The JonBenét Ramsey documentary onslaught has begun, and with Investigation Discovery's JonBenét: An American Murder Mystery , there's another headed to TV on Sept. 12. This documentary will, like most of the others, once again attempt to uncover the truth underneath the 1996 investigation, which ultimately resulted in no one being charged with the 6-year-old's murder. However, An American Murder Mystery stands out from the other documentaries because it will feature new interviews with some of the investigators who saw the evidence firsthand. Also interviewed will be journalist Diane Dimond, who reported heavily on the case at the time and has her own thoughts about the case. Dimond told Bustle about the JonBenét case in a statement:
"[I]t's one of those stories a journalist covers that they never forget. Hey beautiful tiny child murdered in her own home. As a parent this story grabbed me by the throat and never let me go. Why is the country still so interested on this, the 20th anniversary of her death? Probably for the same reason I have been interested all these years - - it's a parent's worst nightmare."
According to Cosmopolitan, ID is the only network that will have an interview with Dimond, and hearing from her on what it was like to investigate and report on the Ramsey case back in the mid-90s could provide an interesting, alternative perspective to the case. Remember those interviews with prosecutor/TV personality Jeanine Pirro in The Jinx? Hearing from a tough woman with a strong hunch about the truth of the case was an informative (and entertaining) part of HBO's take on the Robert Durst story, and Dimond's interviews should do the same here. She has a strong history as a journalist, and so her on-camera presence, which you can see in the clip from The View below, should still be sharp.
Though Dimond is reentering the spotlight because of her reporting on Ramsey's murder, she also reported on the accusations of child molestation against Michael Jackson in 1993 and 2003. (Jackson, who maintained his innocence and denied both sets of allegations, settled a civil suit from the 1993 accuser out of court and was acquitted of all charges stemming from the 2003 accusations during a 2005 trial, as reported by the New York Times.) According to a Washington Post article about Dimond's book, Be Careful Who You Love: Inside the Michael Jackson Case , Dimond broke the story of both accusations. As in the Ramsey case, Dimond's reporting helped form some of the public opinion about the story. It also garnered some negative attention for Dimond, who told the Post:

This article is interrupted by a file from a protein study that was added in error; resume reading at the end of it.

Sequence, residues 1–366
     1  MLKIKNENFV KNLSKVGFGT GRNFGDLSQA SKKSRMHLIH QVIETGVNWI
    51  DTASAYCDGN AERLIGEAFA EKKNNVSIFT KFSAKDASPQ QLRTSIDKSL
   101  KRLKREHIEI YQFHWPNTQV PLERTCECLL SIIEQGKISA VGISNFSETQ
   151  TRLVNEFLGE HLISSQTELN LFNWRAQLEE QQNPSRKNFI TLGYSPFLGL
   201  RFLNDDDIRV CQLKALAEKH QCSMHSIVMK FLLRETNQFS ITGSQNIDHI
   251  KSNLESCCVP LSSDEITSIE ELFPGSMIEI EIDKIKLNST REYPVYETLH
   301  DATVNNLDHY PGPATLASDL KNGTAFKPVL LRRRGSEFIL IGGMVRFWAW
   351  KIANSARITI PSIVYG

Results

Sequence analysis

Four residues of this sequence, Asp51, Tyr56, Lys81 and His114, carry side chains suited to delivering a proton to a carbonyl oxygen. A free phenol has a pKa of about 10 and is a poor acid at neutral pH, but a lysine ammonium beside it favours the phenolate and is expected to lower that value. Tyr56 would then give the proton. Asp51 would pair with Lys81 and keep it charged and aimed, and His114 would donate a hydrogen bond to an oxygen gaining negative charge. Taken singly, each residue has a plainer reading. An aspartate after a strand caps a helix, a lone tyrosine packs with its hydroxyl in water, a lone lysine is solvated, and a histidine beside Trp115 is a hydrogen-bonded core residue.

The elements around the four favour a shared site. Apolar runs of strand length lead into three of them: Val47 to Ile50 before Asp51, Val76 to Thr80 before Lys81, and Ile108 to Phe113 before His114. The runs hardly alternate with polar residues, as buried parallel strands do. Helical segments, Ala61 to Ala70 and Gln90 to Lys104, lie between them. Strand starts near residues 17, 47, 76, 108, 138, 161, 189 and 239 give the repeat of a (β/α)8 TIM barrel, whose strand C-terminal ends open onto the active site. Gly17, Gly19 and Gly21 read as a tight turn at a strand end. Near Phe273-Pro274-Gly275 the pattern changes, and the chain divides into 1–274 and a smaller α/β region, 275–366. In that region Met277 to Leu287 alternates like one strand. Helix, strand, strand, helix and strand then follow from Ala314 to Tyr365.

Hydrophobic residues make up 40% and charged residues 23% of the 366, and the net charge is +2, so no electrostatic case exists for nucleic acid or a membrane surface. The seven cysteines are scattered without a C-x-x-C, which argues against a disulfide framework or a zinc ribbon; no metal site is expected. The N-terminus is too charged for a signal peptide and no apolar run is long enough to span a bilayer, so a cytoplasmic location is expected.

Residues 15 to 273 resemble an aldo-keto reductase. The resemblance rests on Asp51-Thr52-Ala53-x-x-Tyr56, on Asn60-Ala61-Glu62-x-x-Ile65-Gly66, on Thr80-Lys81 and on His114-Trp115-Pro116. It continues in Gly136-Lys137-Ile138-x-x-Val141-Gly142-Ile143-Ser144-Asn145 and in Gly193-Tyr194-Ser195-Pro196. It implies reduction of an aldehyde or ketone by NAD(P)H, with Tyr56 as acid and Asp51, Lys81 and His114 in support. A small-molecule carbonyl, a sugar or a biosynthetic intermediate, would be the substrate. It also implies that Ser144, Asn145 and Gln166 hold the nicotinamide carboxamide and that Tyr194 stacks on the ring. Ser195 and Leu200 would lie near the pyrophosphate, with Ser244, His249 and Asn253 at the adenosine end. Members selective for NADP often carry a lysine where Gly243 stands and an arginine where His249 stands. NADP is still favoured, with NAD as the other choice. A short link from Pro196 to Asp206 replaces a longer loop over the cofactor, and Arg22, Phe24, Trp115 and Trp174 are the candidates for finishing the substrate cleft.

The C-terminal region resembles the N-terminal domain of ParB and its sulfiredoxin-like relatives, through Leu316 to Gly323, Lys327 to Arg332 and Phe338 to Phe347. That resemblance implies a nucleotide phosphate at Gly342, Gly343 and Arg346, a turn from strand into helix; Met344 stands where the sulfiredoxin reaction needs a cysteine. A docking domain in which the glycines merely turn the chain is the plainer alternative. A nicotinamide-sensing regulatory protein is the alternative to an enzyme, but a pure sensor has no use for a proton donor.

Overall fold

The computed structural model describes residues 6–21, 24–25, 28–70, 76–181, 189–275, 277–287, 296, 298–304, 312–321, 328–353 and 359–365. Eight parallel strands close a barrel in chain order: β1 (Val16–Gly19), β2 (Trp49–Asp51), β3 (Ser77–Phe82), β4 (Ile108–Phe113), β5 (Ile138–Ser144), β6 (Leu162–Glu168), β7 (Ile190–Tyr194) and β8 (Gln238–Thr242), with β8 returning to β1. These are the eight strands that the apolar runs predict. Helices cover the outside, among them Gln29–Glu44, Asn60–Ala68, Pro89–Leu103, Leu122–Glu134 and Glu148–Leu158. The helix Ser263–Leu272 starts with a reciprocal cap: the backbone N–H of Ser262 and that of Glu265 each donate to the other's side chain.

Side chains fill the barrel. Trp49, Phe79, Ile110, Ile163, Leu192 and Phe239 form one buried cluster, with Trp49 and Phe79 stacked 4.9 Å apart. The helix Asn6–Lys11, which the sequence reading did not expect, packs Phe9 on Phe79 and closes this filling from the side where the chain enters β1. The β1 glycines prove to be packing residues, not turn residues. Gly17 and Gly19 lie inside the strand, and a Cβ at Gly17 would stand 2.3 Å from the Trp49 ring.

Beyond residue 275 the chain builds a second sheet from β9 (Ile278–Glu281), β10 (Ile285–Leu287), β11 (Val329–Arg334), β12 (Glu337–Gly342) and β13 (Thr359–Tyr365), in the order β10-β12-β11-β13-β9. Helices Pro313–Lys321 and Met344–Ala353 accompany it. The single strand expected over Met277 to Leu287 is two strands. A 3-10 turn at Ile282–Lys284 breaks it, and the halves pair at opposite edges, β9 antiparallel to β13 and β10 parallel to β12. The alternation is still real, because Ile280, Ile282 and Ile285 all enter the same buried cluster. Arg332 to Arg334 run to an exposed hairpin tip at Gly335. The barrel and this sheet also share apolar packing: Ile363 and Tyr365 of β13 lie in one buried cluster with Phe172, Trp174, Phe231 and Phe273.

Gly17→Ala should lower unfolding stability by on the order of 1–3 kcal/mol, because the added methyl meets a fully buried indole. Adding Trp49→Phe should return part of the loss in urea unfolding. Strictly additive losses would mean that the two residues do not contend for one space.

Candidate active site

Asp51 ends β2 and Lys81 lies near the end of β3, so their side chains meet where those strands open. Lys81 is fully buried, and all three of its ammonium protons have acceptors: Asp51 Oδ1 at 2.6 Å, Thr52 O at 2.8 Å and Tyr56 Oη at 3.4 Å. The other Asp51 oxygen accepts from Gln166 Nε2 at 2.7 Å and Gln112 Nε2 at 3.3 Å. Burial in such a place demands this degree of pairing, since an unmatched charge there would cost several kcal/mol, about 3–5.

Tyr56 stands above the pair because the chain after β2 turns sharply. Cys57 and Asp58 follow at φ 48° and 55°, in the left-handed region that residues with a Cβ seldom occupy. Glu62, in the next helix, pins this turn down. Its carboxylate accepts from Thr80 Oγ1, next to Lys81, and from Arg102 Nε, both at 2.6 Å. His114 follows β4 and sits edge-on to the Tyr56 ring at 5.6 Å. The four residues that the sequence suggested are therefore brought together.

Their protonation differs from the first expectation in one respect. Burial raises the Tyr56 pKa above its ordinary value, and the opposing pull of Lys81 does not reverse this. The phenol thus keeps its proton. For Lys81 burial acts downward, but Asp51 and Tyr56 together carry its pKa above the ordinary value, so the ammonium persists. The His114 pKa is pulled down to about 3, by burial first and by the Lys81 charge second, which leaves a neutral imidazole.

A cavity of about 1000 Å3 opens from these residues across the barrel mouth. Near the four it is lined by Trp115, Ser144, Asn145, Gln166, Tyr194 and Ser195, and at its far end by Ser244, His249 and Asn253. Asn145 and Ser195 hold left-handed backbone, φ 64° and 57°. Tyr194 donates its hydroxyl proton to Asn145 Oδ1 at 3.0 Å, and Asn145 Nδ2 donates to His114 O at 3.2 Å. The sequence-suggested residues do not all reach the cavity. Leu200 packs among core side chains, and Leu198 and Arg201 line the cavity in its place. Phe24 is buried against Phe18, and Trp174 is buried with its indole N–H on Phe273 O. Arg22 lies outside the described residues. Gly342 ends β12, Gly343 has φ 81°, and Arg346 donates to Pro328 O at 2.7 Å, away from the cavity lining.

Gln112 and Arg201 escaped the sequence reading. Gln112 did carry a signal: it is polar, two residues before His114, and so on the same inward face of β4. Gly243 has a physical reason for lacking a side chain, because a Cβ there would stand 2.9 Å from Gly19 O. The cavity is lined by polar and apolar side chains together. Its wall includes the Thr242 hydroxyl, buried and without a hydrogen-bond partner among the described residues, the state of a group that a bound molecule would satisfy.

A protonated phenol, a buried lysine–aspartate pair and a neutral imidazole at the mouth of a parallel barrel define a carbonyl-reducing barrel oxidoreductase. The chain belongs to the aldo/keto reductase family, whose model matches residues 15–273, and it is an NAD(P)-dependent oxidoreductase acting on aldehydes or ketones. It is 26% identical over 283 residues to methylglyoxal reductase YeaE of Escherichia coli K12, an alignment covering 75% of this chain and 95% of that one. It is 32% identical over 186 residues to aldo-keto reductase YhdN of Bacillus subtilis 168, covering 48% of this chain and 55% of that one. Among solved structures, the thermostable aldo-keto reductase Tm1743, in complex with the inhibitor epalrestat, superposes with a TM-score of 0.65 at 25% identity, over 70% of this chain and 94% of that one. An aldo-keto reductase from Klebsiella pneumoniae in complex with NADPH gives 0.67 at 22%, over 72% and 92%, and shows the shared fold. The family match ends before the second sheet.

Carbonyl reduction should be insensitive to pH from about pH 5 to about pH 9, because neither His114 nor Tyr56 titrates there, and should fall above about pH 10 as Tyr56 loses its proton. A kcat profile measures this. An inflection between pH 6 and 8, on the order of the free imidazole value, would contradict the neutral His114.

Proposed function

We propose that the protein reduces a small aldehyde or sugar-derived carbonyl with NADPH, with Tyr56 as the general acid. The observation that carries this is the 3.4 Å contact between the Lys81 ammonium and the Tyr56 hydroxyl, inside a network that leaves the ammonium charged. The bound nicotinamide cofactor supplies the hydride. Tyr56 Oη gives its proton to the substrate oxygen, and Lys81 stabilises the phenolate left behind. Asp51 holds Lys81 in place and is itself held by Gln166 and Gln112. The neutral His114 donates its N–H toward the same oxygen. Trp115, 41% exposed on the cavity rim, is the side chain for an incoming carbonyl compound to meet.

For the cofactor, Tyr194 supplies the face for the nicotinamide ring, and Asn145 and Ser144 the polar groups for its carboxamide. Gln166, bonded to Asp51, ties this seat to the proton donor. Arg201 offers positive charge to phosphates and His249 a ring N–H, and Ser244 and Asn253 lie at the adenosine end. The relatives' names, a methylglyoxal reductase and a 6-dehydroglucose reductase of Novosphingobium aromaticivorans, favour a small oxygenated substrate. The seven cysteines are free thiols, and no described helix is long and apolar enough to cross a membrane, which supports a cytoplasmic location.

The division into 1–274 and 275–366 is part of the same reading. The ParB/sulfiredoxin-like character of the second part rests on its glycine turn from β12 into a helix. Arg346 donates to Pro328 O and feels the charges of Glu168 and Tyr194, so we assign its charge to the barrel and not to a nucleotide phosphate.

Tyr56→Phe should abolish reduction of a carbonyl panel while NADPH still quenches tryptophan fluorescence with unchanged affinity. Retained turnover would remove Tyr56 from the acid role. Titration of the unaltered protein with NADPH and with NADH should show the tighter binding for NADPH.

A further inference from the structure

"Now, to your question about why I stir so much animosity.
I'm not sure. I suppose it's because I covered the case for so long. However,as I write in the book - almost immediately after I first broke the story of alleged molestation in Aug. 93 I began to be harassed by MJ fans.
Look, people don't like to hear negative things about people they adore. I really think it's as simple as that...a sort of "shoot the messenger" mentality."
Though her most publicized work was in the '90s and early 2000s, Dimond is still an active reporter, having written articles for the Huffington Post, The Daily Beast, and most recently, the Stillwater News Press. She also writes a weekly crime and justice column that is syndicated through Creators. With her experience as an investigative journalist, JonBenét: An American Murder Mystery should prove to be an informative docuseries.